It’s to say “traitor” is hyperbole. Cotton and the other Rs are not “traitors”. Yes, it’s a violation of political norms, but so what. That toothpaste isn’t going back into the tube there.

        We are ready to go to war with Iran, and I doubt a treaty gives us any sort of peace that allows us to stand down to a state of readiness like that we have for say, I dunno, Kazakhstan or Algeria.

        I thought the sanctions were working, and I recall the administration making that claim.

        Choosing to not do a treaty is one for which reasoned rationale can be articulated. Actually, I don’t know why we’d be obligated to pursuit anything at all with them, or what the nature of any sort of urgency would be.

  2. pm1956

    The Administration argues that the sanctions are working–in that they are bringing Iran to the bargaining table. Of course, you have to recognize that the sanctions only work to the extent that ALL of the countries that are enforcing them are willing to continue to enforce them–and Russia, China and the EU have stated that they are not willing to enforce this level of sanctions indefinitely. They want a treaty to end the sanctions. Without a treaty, what will probably happen is the Russia and China will stop enforcing the sanctions, saying that the US did not negotiate in good faith. At wwhich point Iran loses all incentive to negotiate with the US on anything (because it can get everything it needs from Russia and china (and the EU, which would soon follow Russia and china in ending sanctions). So we would have a situation with no nuclear agreement and no sanctions and Iran would be perfectly free to do whatever it wanted to do, and the US would have no leverage at all (except the threat of military force).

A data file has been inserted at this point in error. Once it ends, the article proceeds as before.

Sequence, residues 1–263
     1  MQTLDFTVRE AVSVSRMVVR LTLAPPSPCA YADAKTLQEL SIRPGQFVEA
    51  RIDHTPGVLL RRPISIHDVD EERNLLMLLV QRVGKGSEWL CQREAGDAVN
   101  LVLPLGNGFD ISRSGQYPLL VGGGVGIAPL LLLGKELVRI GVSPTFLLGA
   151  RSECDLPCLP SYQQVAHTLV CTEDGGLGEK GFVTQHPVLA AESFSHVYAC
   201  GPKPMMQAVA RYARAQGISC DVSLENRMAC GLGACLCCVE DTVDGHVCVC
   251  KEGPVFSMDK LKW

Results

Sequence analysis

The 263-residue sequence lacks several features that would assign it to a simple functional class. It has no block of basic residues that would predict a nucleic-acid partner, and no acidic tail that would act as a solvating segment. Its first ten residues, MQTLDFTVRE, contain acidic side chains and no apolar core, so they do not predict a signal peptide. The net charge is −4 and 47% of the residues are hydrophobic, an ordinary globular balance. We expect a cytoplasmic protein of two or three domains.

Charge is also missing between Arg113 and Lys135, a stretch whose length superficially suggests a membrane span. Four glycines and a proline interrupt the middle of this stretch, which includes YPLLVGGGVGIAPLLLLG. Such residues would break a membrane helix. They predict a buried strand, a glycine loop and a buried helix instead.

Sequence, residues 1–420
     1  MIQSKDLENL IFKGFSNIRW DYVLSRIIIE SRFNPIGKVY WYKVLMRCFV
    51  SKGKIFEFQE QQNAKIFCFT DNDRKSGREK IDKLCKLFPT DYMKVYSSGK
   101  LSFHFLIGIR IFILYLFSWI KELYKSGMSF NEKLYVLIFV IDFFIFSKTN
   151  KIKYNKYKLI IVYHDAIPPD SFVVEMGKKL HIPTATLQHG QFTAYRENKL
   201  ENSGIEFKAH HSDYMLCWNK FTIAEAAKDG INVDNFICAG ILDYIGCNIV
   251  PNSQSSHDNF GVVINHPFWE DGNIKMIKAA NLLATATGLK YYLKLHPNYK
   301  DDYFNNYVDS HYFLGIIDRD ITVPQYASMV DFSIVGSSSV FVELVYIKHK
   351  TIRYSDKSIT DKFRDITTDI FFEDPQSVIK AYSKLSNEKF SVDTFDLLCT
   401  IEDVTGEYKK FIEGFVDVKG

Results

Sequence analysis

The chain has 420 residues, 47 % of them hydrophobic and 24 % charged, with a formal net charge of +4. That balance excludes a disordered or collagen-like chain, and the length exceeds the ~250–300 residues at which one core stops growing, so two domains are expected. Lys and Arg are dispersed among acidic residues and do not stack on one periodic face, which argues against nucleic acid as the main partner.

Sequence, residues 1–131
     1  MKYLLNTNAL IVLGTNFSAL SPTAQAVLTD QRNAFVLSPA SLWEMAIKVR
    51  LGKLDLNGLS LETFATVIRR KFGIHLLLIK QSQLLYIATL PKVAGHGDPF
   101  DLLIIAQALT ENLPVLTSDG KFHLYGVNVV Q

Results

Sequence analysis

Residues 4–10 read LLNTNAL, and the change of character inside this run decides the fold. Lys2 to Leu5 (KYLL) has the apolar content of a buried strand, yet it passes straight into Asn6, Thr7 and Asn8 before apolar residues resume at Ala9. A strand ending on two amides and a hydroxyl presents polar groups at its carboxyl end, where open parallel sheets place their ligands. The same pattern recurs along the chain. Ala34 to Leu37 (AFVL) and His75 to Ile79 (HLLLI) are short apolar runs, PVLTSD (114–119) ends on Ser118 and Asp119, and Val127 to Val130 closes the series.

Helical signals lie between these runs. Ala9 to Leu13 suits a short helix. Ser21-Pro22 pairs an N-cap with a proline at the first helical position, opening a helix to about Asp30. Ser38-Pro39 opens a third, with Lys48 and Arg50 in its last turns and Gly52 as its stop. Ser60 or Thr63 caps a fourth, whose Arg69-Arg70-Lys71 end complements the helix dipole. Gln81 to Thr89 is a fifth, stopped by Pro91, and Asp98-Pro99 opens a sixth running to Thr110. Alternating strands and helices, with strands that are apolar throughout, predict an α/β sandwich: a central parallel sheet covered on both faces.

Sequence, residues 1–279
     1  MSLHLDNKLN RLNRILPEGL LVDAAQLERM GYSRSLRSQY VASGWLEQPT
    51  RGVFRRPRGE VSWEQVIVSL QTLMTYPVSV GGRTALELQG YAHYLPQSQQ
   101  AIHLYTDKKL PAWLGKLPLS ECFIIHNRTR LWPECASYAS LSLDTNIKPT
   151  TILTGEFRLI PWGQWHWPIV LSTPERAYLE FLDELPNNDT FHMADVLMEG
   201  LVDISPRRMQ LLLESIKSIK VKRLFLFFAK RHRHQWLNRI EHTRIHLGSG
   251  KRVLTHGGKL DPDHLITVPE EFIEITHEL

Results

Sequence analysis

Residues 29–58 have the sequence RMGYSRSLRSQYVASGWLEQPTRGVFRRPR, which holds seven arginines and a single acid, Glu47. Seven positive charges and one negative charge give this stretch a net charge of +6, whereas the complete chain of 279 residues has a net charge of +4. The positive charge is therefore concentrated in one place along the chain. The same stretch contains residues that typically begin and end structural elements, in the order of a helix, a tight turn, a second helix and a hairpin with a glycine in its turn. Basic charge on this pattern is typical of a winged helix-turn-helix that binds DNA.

i for one think that Iran with nuclear weapons is not that much of a threat (N Korea is far more crazy than Iran, and they actually have nuclear weapons…) certainly not to the US, and not really to Israel either. I think that the people who would have the most to worry about a nuclear Iran would be Saudi Arabia and other Sunni states in the Arab world.

      1. pm1956

        Frankly, in don’t think that Iran is all that eager to have nuclear weapons. I think that they want nuclear power, and will push for that no matter what.The treaty does not attempt to deny them nuclear weapons forever, so maybe someday they will build them. but lets face it, the nuclear genie is out of the bottle, and a nuclear Iran will soon become the least of our worries (wait for the collapse of Russia, and see what happens to its nuclear weapons stockpile–that is the nightmare!)